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READERS’ LETTERS: When a No Deal Brexit became personal

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Madam, – Like many people I have followed the current debate on Brexit in the media regarding the arguments around the consequences of a deal or no deal and the outcome of further negotiations.

To be honest, I have looked upon the arguments with a certain amount of dismay and apathy, and also because I did not think there would be any serious issues which could affect me and my family.

That is until now.

Whilst going into my local pharmacy I got chatting to them about Brexit.

What I was advised alarmed me.

Due to the possible No deal scenario, prices of pharmaceutical items coming from outwith the UK are now five times higher than they were a year ago.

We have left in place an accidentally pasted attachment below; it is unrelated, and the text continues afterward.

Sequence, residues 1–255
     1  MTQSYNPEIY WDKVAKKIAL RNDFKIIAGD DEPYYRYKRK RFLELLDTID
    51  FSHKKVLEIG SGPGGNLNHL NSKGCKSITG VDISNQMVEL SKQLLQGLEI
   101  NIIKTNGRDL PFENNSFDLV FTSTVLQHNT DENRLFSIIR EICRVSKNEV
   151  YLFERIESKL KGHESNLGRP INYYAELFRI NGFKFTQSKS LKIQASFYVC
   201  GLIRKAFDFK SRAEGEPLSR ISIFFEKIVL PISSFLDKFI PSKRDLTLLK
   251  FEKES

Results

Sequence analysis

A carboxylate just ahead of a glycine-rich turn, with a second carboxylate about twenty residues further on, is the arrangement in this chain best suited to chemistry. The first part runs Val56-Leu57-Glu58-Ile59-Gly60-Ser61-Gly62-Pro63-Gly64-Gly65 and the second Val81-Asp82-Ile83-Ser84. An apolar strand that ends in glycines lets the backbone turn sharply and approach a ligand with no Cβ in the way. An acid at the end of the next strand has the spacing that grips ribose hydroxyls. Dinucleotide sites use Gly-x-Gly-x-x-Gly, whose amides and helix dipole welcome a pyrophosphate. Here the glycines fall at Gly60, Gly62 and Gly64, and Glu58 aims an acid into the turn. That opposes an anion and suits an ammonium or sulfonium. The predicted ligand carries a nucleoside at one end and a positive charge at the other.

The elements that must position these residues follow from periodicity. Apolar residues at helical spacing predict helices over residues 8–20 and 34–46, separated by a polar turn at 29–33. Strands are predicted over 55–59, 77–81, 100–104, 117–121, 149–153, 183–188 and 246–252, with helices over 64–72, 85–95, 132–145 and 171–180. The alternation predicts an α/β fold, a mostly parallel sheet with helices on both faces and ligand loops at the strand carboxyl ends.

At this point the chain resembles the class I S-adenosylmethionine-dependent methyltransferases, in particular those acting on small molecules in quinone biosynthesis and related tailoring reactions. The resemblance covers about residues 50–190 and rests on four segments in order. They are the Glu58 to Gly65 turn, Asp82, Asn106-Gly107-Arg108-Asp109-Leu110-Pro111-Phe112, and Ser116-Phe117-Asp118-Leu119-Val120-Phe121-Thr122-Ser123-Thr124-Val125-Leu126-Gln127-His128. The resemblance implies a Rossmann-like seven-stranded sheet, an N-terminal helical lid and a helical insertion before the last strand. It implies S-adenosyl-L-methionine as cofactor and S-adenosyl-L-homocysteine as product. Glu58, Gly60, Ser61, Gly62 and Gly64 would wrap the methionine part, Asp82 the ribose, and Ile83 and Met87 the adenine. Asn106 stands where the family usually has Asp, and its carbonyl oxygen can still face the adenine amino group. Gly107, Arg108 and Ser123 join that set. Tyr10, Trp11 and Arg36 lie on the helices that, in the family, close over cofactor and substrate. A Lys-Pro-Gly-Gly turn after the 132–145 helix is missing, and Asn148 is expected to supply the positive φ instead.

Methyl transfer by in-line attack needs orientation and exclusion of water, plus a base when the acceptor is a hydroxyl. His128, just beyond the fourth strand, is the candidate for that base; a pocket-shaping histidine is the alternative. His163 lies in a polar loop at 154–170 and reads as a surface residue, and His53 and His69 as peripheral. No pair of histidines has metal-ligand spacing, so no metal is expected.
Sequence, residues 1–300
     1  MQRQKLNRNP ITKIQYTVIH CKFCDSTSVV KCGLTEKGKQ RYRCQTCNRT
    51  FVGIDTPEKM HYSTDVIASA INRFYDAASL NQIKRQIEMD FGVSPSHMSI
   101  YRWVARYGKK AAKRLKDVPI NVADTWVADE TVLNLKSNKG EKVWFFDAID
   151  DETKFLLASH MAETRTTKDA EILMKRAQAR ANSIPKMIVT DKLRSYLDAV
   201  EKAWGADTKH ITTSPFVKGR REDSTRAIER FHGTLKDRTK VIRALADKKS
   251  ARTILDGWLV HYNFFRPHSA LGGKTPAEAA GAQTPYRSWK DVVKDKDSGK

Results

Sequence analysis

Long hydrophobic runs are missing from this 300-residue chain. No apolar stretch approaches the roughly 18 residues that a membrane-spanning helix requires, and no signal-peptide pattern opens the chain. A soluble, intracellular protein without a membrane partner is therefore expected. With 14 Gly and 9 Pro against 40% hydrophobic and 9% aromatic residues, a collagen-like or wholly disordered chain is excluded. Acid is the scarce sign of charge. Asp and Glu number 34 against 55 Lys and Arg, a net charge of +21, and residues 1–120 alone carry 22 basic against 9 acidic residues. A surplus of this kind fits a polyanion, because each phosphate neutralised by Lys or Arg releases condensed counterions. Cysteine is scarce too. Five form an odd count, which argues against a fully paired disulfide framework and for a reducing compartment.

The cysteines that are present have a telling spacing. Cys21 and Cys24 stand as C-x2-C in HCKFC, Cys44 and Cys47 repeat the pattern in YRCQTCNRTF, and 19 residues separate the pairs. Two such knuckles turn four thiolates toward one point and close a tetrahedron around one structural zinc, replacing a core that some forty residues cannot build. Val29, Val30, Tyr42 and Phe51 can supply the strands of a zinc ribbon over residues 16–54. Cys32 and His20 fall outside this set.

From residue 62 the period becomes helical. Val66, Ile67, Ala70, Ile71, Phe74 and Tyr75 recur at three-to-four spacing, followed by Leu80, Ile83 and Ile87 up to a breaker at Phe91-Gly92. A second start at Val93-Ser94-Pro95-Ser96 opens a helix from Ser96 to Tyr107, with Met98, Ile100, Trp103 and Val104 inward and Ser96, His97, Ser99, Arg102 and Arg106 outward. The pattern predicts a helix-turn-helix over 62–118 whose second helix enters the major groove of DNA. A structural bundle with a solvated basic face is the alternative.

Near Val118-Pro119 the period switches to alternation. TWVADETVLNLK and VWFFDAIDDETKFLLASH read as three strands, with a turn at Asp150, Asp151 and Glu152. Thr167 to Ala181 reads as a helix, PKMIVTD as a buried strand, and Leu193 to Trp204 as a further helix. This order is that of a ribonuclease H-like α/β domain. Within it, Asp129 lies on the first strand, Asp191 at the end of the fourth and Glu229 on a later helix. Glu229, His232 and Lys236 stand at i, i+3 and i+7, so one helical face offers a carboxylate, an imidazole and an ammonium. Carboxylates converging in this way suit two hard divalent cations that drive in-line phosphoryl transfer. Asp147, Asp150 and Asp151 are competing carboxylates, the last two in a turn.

I was also told things have never been as bad in regard to the supply and demand of pharmaceutical products.

At the moment the National Health Service in Scotland is apparently picking up the bill for these price rises.

But for how long? And if the situation gets worse, could it mean there could there be rationing of expensive prescription medication?

To be fair to the Scottish Government they are doing their best, and the scenario is a lot worse down south.

This situation is happening right now.

Politicians must take action to agree a deal for leaving the European Union and come to a consensus.

Otherwise we will soon have a major crisis on our hands regarding the supply of important pharmaceutical items and other products and services that people rely heavily on.

Steve Kerr,

Maryfield,

Dundee.

 

Dominated in a union of equals